In the Philippines, the Asian Development Bank has finalized a $300-million loan to partially fund a nationwide electronic vehicle program that will be part of the mass transportation system. The goal is to have 100,000 electronic tricycles plying the country’s streets by 2017 in hopes of making a dent in significant pollution caused by regular tricycles.
The tricycles are ubiquitous, gas-burning motorcycles with two-seater sidecars. Getting the actual electronic tricycles on the ground is taking some time.
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Alfredo Forelo turns a key and starts the electronic tricycle- or e-trike. There is no distinct sound of an engine firing up, just lots of noise from passing motorcycles and other vehicles.
Forelo tells Charlie Antiga, an engineer with the Mandaluyong City government, that this e-trike has one hour’s worth of recharging. This means it will be good to run for the next five or six hours.
Forelo pays $1.25 to charge the e-trike. That is significantly less than the $3-$4 he used to spend on gasoline daily driving a conventional tricycle.
He says he saves enough to pay for food, water and electricity
Tricycle drivers typically lease their vehicles for about $4 a day from operators. In Forelo’s case, Mandaluyong City is leasing out his trike. After paying the lease- and recharging fees, he says he earns about $17 a day driving an e-trike. That is more than double the average daily earning of a conventional tricycle driver.
With the motorcycle in front, acting as a towing vehicle for two rows of four-seater benches behind, all under a lightweight yellow shell, the e-trike easily has an advantage on a regular tricycle. Those only seat two, and the driver is only partially shaded from sun and rain.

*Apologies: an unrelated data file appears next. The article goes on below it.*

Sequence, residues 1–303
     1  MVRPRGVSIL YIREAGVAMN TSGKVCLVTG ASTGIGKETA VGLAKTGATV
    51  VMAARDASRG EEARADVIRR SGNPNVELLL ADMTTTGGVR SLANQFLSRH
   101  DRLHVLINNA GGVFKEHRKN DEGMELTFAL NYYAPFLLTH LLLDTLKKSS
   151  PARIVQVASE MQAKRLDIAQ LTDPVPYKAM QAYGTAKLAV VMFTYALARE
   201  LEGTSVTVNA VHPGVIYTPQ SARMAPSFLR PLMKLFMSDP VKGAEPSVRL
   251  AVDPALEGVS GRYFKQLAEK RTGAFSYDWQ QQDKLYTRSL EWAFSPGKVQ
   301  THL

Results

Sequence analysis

Mandaluyong, in Manila’s capital region, hired Forelo to drive the e-trike as part of a pilot program. He drives one of the 13 still-functioning e-trikes of the city’s small fleet of 20.
Mandaluyong Tricycle Regulation Office Director Florante de Leon says the Asian Development Bank picked this municipality to test the prototypes because of its commitment to clean-air practices. He says the city will eventually offer a lease-to-own program on the e-trikes, which run about $5,000, as opposed to $3,000 for a regular one.
“There are many applicants here… they want to reserve a unit… because our mayor ordered 400 units of this in the future,” he said.
But De Leon says, judging from the long wait on the repair of some sidelined e-trikes, there is just a 50-50 chance the 400 will come any time soon.
Asia Development Bank Principal Energy Specialist Sohail Hasnie says no company in the world has e-trikes ready to order.
“When you just say that ‘I want to buy,' in a public bidding process, a transparent process, 5,000 trikes from a factory that doesn’t exist today, specification that doesn’t exist today, design that doesn’t exist today, it takes a lot of time to put those things together,” Hasnie said.
According to De Leon, waiting for parts is also taking time. The prototypes were assembled in the Philippines and their main components; the motor, lithium-ion battery and controller, were imported. Officials say the country still does not have the capacity to make those technology-based parts. In Mandaluyong, controllers of seven test e-trikes malfunctioned in March, rendering them useless.
“We cannot repair it. They are now here in the garage, we cannot replace the controller,” he said.
The bank is seeking a combination of car manufacturer, lithium-ion battery maker and motorcycle maker to come up with an e-trike model that suits its requirements. According to Hasnie, after the experience in Mandaluyong the makers of parts must fully guarantee their replacement. And, all parts must be up to the bank’s tough standards so that they function properly for several years.
The $500 million project, funded by the ADB, the World Bank’s Clean Technology Fund and the Philippine government, is now being bid out. Hasnie says, once the order for the first 2,000 arrives in the Philippines, the rest will come more quickly.